Little Warrior


LPGA ChampionshipPITTSFORD, N.Y. – Cristie Kerr has evolved in the long, hard climb to the top of the mountain.

Charlie De Lucca could see the strongest evidence of that yet a thousand miles away as he watched Kerr win the LPGA Championship Sunday on television from his home in Miami.

DeLucca, known as the “Godfather of South Florida Golf,” watched Kerr annihilate the competition when she was growing up in Miami. As executive director of the Dade Amateur Golf Association, he marveled at the cold, ruthless little competitor who never seemed satisfied or content as she rose to No. 1 in the national junior rankings.

That’s what DeLucca was thinking about as he watched Kerr rout the world’s best women pretty much the same way she did South Florida’s best all those years ago.

Cristie Kerr
Cristie Kerr had six birdies and no bogeys in the final round. (Getty Images)
That’s what he was thinking about with all those fans at Locust Hill chanting “USA” and Kerr beaming over the knowledge that she’ll become the first American to ascend to No. 1 in the Rolex Women’s World Golf Rankings when they’re released on Monday.

“I sent Cristie a text Saturday night,” DeLucca said. “I told her I’ve never seen her look like she was enjoying the game more. She just looks different. You can still see when she gets mad about shots, but she’s never looked more in control of herself. She just looks like she’s having fun.”

Kerr literally let her hair down walking onto the 18th green.

She took off her cap, undid her pony tail, and shook her long, blond hair to the delight of the raucous crowd flocked around the final hole.

Still, with Kerr’s final shot, DeLucca could see something internal hasn’t changed at all.

Back when Kerr was growing up in Miami, DeLucca remembers a junior introducing herself to Kerr on the first tee before a match.

“Hi, I’m Susie Smith,” the junior said

The name could have been Jones or Johnson or Floyd.

“Hi,” Kerr shot back. “I’m the girl who’s going to kick your butt today.”

Kerr used a word other than butt.

DeLucca said Kerr went 1-up before a match began after more than one exchange like that.

“She told Robert Floyd she was going to kick his butt when they played in high school,” DeLucca said.

That would be Hall of Famer Raymond Floyd Jr’s son. She beat him, too. Kerr played for the boys’ team at Sunset High, Floyd for Country Day.

“Cristie was just tough,” DeLucca said. “She wasn’t afraid of anybody. She had some hard times, and she could upset some people, but she was just so dedicated and driven.”

Kerr, 32, a 14-time LPGA winner with two major championships to her credit, has evolved. She doesn’t tell playing partners she’s going to kick their butts anymore. She might be thinking it, though.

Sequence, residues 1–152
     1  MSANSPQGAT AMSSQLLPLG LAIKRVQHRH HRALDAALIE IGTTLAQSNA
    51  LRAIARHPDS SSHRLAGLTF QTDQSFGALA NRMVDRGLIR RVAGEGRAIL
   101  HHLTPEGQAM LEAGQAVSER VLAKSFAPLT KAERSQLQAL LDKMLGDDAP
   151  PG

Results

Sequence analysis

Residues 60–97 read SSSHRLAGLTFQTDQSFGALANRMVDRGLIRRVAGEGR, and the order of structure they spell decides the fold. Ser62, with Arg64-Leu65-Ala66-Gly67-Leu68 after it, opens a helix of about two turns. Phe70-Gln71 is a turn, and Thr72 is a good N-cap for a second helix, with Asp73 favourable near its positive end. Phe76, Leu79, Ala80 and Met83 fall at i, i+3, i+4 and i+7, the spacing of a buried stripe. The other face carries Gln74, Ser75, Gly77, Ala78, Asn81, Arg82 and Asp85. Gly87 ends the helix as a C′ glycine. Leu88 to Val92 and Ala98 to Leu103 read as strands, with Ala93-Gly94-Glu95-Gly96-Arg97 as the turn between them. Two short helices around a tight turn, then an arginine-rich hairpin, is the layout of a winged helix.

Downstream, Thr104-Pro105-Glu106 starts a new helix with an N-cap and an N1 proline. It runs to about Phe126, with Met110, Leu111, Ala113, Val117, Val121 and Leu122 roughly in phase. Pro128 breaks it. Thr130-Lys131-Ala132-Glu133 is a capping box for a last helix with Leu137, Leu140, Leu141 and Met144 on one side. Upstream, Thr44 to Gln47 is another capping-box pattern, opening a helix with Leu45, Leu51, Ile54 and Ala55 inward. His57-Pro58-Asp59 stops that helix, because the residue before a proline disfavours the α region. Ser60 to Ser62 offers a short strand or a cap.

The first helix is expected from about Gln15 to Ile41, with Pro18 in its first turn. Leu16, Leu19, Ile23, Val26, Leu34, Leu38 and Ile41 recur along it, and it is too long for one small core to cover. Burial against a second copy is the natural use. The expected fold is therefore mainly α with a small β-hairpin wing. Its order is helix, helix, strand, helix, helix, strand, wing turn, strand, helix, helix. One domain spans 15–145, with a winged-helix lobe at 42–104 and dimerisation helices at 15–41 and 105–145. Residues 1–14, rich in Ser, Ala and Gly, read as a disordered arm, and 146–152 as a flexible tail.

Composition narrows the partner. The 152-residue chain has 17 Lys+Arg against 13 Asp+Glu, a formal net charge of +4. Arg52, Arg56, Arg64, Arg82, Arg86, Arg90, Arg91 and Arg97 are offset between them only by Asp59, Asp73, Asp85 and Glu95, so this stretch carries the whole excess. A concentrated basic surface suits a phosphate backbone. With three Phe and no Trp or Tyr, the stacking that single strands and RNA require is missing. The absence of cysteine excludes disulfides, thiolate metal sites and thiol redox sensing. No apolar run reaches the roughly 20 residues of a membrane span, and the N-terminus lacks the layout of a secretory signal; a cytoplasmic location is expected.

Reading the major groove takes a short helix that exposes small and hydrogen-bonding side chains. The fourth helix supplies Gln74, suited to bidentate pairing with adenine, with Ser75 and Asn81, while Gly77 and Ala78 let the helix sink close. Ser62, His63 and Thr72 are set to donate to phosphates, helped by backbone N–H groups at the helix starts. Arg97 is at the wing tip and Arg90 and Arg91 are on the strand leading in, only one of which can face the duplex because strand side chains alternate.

“Inside the ropes, she’s still a killer out there,” said Jason Gilroyed, her caddie. “She just kept the pedal down all day. She never let up.”

It wasn’t because she was going for a record, Gilroyed said. He didn’t have a sense that she was even aware of how far she was pulling away from the field after opening the final round with that eight-shot lead.

“It was a dream performance,” Kerr said. “I didn’t limit myself. I just wanted to see how far I could take it. It took it pretty far.”

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The only number Kerr seemed to have in mind was winning her bet with Gilroyed.

The bet was Gilroyed would have to pay for groceries for the week when they play the U.S. Women’s Open at Oakmont if she shot at least 2-under on Sunday. If she shot 4-under or better, Gilroyed would also have to pay for the wine. Gilroyed said he doesn’t know how many folks he’ll be feeding, but the house they’re renting in suburban Pittsburgh has six bedrooms.

“I’ll be out a couple thousand dollars,” Gilroyed said.

The caddie couldn’t be happier about it. His percentage of the $337,500 first-place check will help. Kerr’s come a long way in her climb to No. 1. She turned pro at 18 with her parents splitting up and on their way to divorce as she struggled to establish herself.

'There were times when she could look lost,' DeLucca said.

Kerr looks back at all of it now and sees how it shaped where she is today.

“I’ve been this competitive since I was 10 years old,” Kerr said. “My father was very competitive as a baseball player. My mother was a competitive swimmer. Both of my parents are fighters. They told me never to give up. I gave up once when I was 9 or 10, and I didn’t hear the end of it. That’s the last time I’ve ever given up on a golf course.”

Kerr was a chubby, prickly teen who didn’t make friends easily when she first hit the tour, but she’s evolved. There’s evidence of that in the foundation she established to help fight breast cancer after her mother was diagnosed with the disease. There’s her well documented physical transformation that’s landed her on the cover of women’s magazines, and there’s the social transformation. She counts Natalie Gulbis and Morgan Pressel as close friends. She credits her husband, Erik Stevens, for helping her evolve since they married in ‘06.

“I’ve won one tournament without my husband,” Kerr said. “I’ve won all the others with him. He’s been one of the biggest influences on me becoming a better person, changing and evolving and giving back.”

Unfortunately, for Kerr’s fellow competitors, the evolution hasn’t softened the little warrior within who wants to kick their butts.